Sunday 21 April 2019

Avolon banishes GPA ghost with record NYSE debut for an Irish company

Avolon chairman Denis Nayden, chief operating officer Tom Ashe, chief commercial officer John Higgins, chief financial officer Andy Cronin and chief executive officer Domhnal Slattery on the New York Stock Exchange yesterday
Avolon chairman Denis Nayden, chief operating officer Tom Ashe, chief commercial officer John Higgins, chief financial officer Andy Cronin and chief executive officer Domhnal Slattery on the New York Stock Exchange yesterday
John Mulligan

John Mulligan

The ghost of Guinness Peat Aviation (GPA) has been banished with the flotation yesterday of Irish aircraft leasing firm Avolon, according to its founders.

Speaking from New York, Clare-born Domhnal Slattery, and John Higgins, who co-founded Avolon just four years ago with Andy Cronin, said the stock market debut was an opportunity to "rebase" the narrative surrounding what is already a highly successful Irish aircraft leasing sector.

Leasing firm GPA, founded by Tony Ryan, famously pulled the plug on a planned stock market flotation in 1992. Mr Slattery had been working there at the time. In 1993, GPA was rescued by General Electric.

But GPA provided a foundation for what has made Ireland one of the world's major centres for aircraft leasing and aviation finance.

Avolon, which has been backed to the tune of $7.2bn by private equity giants and banks, including Oak Hill Capital Parters, Cinven and CVC, priced its shares at $20, lower than an expected $21-$23 range.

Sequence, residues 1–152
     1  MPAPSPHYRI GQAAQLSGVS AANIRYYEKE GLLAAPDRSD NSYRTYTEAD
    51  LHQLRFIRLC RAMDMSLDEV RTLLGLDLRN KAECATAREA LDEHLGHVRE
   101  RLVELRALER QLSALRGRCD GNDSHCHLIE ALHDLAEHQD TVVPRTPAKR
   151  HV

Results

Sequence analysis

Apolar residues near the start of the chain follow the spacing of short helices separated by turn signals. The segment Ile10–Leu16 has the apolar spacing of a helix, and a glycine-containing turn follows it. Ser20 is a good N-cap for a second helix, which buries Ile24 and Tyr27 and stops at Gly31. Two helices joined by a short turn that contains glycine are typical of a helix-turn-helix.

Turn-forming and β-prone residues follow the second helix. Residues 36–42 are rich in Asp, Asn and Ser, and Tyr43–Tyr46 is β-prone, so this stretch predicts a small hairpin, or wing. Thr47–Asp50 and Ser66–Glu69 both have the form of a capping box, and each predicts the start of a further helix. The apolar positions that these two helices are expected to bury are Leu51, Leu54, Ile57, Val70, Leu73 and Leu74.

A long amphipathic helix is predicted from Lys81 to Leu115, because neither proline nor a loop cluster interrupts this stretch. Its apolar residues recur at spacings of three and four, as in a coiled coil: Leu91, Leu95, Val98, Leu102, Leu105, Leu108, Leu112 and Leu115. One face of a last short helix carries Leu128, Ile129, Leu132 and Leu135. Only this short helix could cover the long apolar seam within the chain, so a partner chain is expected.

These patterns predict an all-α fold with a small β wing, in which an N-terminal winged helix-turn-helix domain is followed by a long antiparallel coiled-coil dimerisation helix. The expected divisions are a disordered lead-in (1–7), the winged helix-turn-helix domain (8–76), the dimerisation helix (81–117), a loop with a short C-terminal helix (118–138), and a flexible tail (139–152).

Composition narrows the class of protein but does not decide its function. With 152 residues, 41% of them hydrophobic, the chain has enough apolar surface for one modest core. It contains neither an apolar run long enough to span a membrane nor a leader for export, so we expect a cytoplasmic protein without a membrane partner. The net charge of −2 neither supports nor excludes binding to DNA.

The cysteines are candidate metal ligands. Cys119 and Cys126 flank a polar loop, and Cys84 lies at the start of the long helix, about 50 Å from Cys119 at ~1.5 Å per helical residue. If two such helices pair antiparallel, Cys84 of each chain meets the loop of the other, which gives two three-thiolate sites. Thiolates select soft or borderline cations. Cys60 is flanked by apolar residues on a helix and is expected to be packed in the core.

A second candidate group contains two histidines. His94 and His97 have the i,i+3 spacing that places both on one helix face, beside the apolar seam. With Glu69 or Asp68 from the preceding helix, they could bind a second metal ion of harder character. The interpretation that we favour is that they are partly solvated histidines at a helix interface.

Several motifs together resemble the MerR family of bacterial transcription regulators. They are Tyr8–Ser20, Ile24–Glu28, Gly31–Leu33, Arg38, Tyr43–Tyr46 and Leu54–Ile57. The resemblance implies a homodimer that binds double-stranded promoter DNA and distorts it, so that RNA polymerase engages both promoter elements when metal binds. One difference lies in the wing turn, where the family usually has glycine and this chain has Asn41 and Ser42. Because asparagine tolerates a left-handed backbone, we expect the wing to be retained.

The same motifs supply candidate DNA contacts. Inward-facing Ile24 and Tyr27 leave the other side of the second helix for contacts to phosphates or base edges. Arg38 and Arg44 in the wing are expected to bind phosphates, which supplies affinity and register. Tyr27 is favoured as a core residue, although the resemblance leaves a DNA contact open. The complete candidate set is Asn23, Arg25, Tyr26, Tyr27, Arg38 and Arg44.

The price saw the airline raise $273m (€218m) for its backers and gave the world's ninth-biggest aircraft leasing firm by assets an initial market capitalisation of $1.6bn (€1.3bn).

But the shares fell over 6pc immediately after trading opened on the New York Stock Exchange. By midday there, they were still changing hands at just under $19.

Still, the floatation was the biggest ever in the United States by a company founded in Ireland.

Mr Slattery, who is Avolon's chief executive, told the Irish Independent that he did not believe the decline indicated the initial public offering (IPO) had been overpriced. "I don't think so," he said. "The market is down today. I don't think it's anything to do with Avolon specifically."

He said there remains a big appetite among investors for the aircraft leasing business and that they're keen to see more players come to the market.

There are still just five aircraft leasing firms listed on the stock exchange in the United States.

Among them is Fly Leasing, which is headed by Aer Lingus chairman Colm Barrington.

The Irish Independent revealed this week that a group of seasoned Irish aviation executives are also planning to launch another major aircraft leasing firm, Octagon Aviation Capital.

Prior to its flotation, Avolon had been approached by China Investment Corporation and state-owned Chinese aerospace firm AVIC Capita, which were interested in buying the Irish company. The offer was rebuffed.

Mr Higgins, who is president at Avolon, pointed out that 40pc of the world's commercial aircraft fleet is currently leased, and that the figure continues to rise.

He also said the sharp fall in oil prices in recent months, while still being digested by the aviation industry, provided an opportunity for leasing companies, as airlines will be able to make bigger profits on the back of fuel price declines.

"Airlines that are more profitable tend to be more expansive," he said.

Avolon has the youngest fleet of any leasing firm. It has a committed fleet of 227 owned, managed and ordered aircraft, which serve 49 customers in 27 countries.

Avolon's clients include airlines such as China Airlines, Virgin Australia and Etihad.

Avolon placed orders with Airbus and Boeing this year.

Irish Independent

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